Interesting, I've never read that book. But that's a nice take: your feedback loop isn't functional enough to notice diminishing returns. Putting it on my list.

Prepare to have your mind blown! :)

Innovator's Solution is probably the better book (same ideas expressed, but more in-depth thinking on how to fix it inside your company by Christensen).

It's a must-read by startups because it puts you in the right mind-set of why your crappy little MVP can possibly disrupt powerful incumbents.

Thanks for your article - I've been enjoying your posts!

Good books, but can't they mostly just be summed up in a page or two?



Thanks, really glad to hear it :)

I'm not sure if I agree that this is actually a case of the innovator's dilemma, that said I wholeheartedly concur with the recommendation of the book--it's fantastic.

Also, I wonder if this strategy makes a lot more sense if viewed through the lens of them being acquired in the next few years.

In addition to being a young founder, Dan could be the most talented writer I know. Engineering + communication, quite a mix.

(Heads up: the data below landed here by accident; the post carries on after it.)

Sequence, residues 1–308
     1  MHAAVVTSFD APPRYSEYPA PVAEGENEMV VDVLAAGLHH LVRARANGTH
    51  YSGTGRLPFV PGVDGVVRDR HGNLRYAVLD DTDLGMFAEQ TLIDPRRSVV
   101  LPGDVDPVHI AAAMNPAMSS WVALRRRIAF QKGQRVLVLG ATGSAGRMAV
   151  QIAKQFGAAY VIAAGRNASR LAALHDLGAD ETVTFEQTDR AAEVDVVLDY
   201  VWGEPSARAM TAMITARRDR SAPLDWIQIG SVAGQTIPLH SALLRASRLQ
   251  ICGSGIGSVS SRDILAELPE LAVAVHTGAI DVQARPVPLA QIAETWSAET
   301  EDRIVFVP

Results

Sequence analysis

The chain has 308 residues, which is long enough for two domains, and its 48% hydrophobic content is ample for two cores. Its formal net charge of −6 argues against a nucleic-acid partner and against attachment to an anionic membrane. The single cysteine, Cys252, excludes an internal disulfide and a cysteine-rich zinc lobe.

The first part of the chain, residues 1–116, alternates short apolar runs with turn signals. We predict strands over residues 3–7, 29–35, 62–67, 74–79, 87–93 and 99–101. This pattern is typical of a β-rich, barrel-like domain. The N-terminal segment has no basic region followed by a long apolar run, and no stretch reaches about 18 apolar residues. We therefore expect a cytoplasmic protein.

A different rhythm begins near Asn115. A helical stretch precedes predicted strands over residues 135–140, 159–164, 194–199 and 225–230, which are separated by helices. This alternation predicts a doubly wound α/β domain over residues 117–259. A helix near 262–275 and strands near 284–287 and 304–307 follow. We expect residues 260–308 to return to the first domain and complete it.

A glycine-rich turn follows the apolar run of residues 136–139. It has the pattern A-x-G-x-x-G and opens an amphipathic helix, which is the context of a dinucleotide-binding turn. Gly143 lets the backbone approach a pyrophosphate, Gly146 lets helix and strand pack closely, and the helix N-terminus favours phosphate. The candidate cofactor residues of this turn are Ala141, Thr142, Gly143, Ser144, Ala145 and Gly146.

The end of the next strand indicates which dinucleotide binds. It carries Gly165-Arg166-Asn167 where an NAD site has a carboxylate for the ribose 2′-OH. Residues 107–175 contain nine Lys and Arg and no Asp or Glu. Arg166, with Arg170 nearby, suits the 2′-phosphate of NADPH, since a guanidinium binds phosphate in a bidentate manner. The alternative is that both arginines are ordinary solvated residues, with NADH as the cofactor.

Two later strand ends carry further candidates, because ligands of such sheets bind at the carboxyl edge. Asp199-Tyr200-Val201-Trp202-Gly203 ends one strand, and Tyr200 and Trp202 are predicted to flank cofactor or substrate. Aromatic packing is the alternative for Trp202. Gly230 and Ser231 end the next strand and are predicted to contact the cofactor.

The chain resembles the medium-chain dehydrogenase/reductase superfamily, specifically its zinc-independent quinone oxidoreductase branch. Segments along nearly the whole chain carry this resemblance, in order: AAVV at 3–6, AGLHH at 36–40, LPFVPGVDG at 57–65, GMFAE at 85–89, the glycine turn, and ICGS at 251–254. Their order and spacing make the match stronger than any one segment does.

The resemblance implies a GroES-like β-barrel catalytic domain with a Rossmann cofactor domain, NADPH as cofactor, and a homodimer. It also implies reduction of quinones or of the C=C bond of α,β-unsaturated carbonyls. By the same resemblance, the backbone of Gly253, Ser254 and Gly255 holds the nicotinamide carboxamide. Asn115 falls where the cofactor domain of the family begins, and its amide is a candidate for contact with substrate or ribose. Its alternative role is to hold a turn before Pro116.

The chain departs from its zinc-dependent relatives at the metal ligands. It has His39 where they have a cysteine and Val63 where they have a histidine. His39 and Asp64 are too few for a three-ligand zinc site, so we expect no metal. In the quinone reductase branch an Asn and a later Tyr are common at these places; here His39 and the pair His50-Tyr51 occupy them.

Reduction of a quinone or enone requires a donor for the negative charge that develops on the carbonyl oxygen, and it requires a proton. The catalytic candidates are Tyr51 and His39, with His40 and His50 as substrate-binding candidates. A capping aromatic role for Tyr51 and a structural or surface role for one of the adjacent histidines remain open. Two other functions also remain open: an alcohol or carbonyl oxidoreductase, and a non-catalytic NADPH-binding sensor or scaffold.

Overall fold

He's also a genuinely nice guy. A triple threat, if you will. ;)

I think this is the problem with the "product first, business later" approach that's dogma in Silicon Valley. People get used to such an extreme user/developer-centric experience that when the time comes for making some profit, it seems absurd to many people. What's so wrong with building the business and the product at the same time?

> And so what happens? They spend the 6 months they could have used learning to code, trying to find a cofounder instead.

Who goes from not knowing how to code to being a decent to good coder in 6 months? Maybe I'm just not that smart, but it took me many years to get to that level. Learn a few basics, hit a plateau, light-bulb is triggered on some concept accelerating your growth, hit another plateau, and on and on like that.

Agree 100% on nontechnical founder thing. And the sad thing is, though the level of skill needed for sustainable application development is very high, for building MVPs you need to know very little.

Like not 6 months worth, but on the order of a for dummies book. The fact that someone doesn't do this shows me they lack the desire and courage to achieve their vision.

Not sure how I'd tie it into Twitter, but my 2 cents.